NABOKV-L post 0026678, Fri, 4 Dec 2015 17:37:47 +0300

mockingbird, Professor Pnin,
Queen Disa & Russian humorists in Pale Fire
In Canto One of his poem Shade (whose parents were ornithologists) mentions the naïve, the gauzy mockingbird:

TV's huge paperclip now shines instead

Of the stiff vane so often visited
By the naive, the gauzy mockingbird
Retelling all the programs that she had heard;
Switching from chippo-chippo to a clear
To-wee, to-wee; then rasping out: come here,
Come here, come herrr'; flitting her tail aloft,
Or gracefully indulging in a soft
Upward hop-flop, and instantly (to-wee!)
Returning to her perch--the new TV. (ll. 61-70)

In the first stanza of his poem Gogol (1853) Prince Vyazemski calls Gogol peresmeshnik nash zabavnyi (our amusing mockingbird) and mentions zemlya (the Earth):

Ты, загадкой своенравной
Промелькнувший на земле,
Пересмешник наш забавный
С думой скорби на челе.

You, who like a wilful riddle

Flashed on the Earth,

Our amusing mockingbird

With a thought of grief on your brow.

Gogol (golden-eye, the bird Clangula bucephala) is an avian name. In a letter of April 8, 1836, to Alexander Turgenev Vyazemski says that Zhukovski affectionately calls Gogol (who read last Saturday his side-splitting story about the nose that left the face of a collegiate assessor and appeared in the Kazan Cathedral) Gogolyok (Golden-eyelet):

Субботы Жуковского процветают, но давно без писем твоих. Один Гоголь, которого Жуковский называет Гоголёк (никто не равняется с Жуковским в перековеркании имён; помнишь ли, когда он звал Дашкова Дашенькою?) оживляет их своими рассказами. В последнюю субботу читал он нам повесть об носе, который пропал с лица неожиданно у какого-то коллежского асессора и очутился после в Казанском соборе в мундире министерства просвещения. Уморительно смешно.

In his Commentary Kinbote quotes Shade’s words about Russian humorists (with Gogol, Dostoevski and Chekhov among them) and mentions Professor Pnin:

Speaking of the Head of the bloated Russian Department, Prof. Pnin, a regular martinet in regard to his underlings (happily, Prof. Botkin, who taught in another department, was not subordinated to that grotesque “perfectionist”): “How odd that Russian intellectuals should lack all sense of humor when they have such marvelous humorists as Gogol, Dostoevski, Chekhov, Zoshchenko, and those joint authors of genius Ilf and Petrov.” (note to Line 172)

In VN’s novel Pnin (1957) Liza Bogolepov’s son Victor at the beginning of a poem that he contributed for the school magazine mentions Leonardo and his Mona Lisa:

Leonardo! Strange diseases
strike at madders mixed with lead:
nun-pale now are Mona Lisa's
lips that you had made so red. (Chapter Four, 5)

The Leonardo (1933) is a story by VN. Its original title was Korolyok (kinglet). The name of several birds (goldcrest, firecrest) and Russian for “blood-orange,” korolyok rhymes with Gogolyok.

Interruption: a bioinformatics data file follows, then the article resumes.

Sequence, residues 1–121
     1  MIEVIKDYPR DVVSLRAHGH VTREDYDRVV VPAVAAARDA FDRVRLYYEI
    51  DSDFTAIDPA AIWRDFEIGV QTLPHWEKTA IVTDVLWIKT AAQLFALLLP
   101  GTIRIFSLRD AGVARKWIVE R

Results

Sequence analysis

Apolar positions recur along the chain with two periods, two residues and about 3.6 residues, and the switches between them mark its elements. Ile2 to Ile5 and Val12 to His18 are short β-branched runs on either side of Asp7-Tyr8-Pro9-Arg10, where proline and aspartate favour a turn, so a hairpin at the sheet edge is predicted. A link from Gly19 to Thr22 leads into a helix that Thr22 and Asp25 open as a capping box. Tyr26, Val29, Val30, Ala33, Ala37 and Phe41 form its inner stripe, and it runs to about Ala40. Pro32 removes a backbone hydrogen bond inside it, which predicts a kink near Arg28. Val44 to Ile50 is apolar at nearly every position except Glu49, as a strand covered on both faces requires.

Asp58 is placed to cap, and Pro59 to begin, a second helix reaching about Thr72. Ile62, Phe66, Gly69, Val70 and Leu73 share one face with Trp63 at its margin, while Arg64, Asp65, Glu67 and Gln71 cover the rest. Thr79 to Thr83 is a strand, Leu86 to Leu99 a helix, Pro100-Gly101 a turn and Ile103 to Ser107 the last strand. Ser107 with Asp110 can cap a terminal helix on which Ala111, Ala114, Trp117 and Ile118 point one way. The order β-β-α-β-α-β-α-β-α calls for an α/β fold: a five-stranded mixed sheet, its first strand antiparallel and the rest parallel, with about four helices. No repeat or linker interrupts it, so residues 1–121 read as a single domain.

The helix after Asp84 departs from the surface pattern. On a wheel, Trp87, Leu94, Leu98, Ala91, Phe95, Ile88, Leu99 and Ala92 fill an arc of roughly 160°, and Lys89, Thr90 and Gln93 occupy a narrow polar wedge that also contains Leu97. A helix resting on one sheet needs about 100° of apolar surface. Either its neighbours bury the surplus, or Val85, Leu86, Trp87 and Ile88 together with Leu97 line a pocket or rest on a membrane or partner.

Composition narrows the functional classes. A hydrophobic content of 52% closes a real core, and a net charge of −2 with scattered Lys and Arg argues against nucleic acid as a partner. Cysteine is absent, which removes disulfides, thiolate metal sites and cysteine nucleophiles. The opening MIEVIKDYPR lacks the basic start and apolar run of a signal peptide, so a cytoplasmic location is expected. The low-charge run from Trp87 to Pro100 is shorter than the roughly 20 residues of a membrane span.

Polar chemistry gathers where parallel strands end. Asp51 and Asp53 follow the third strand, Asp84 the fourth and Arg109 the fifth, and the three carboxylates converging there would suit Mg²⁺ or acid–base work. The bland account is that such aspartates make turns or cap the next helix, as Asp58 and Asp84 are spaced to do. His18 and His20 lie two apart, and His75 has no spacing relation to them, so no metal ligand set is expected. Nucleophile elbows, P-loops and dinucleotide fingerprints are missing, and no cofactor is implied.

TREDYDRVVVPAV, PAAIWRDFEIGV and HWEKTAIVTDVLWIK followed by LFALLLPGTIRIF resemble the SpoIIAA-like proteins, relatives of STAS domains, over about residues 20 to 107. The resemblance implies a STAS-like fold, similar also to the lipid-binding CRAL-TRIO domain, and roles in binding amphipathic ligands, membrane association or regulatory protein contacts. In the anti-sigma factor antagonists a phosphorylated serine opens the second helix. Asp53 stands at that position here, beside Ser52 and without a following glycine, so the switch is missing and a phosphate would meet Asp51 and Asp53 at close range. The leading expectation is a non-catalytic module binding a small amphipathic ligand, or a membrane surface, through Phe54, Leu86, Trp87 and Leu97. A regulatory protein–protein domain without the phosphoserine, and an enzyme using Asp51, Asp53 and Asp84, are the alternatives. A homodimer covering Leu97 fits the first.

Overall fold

Mona Lisa (whose name rhymes with Disa, the last Queen of Zembla) was acquired by Francis (François) I, the king of France who invited Leonardo da Vinci to Chambord. François I is the title character of Victor Hugo’s play Le roi s'amuse (“The King Amuses Himself,” 1832). Chekhov’s story Tysyacha odna strast’, ili Strashnaya noch’ (“Thousand and One Passions, or The Terrible Night,” 1880) is dedicated to Victor Hugo. The title of Chekhov’s parody blends Tysyacha i odna noch’ (the Arabian “Thousand and One Nights”) with Gogol’s Strashnaya mest’ (“A Terrible Vengeance,” 1831).

Disa, Duchess of Great Payn and Mone, seems to blend Leonardo’s Mona Lisa with Shakespeare’s Desdemona. Incidentally, in the second stanza of his poem Gogol Vyazemski calls the author of “A Madman’s Notes” Gamlet nash, smes’ slyoz i smekha (“our Hamlet, the medley of tears and laughter”). The “real” name of Queen Disa (Kinbote’s wife) and Sybil Shade (Shade’s wife) seems to be Sofia Botkin (born Lastochkin; lastochka is Russian for “swallow”). The “real” name of John Francis Shade (the American poet), Charles Xavier Vseslav (Charles the Beloved, the last self-exiled king of Zembla, aka Charles Kinbote) and Jakob Gradus (the killer who assassinates Kinbote but murders Shade) seems to be Vsevolod Botkin. An American scholar of Russian descent, Botkin went mad after the suicide of his daughter Nadezhda (Hazel Shade of Shade’s poem).

Kinbote believes that in its finished form Shade’s poem should have 1000 lines and that the unwritten Line 1000 is identical to Line 1 (“I was the shadow of the waxwing slain”). But it seems to me that Shade’s unfinished poem also needs a coda, Line 1001 (“By its own double in the windowpane”). Dvoynik (“The Double,” 1848) is a short novel by Dostoevski.

Btw., the Golconda mentioned by Kinbote in his Foreword to Shade’s poem rhymes with La Gioconda. Gogol is the author of Portret (“The Portrait,” 1835), a story that appeared in Gogol’s collection Arabeski (“The Arabesques”). Gogol wrote his main work, Myortvye dushi (“Dead Souls,” 1842), in Rome. Coda (“tail”) is an Italian word. VN is the author of a funny (“perhaps, a little too funny”) book (1944) on Gogol.

Alexey Sklyarenko

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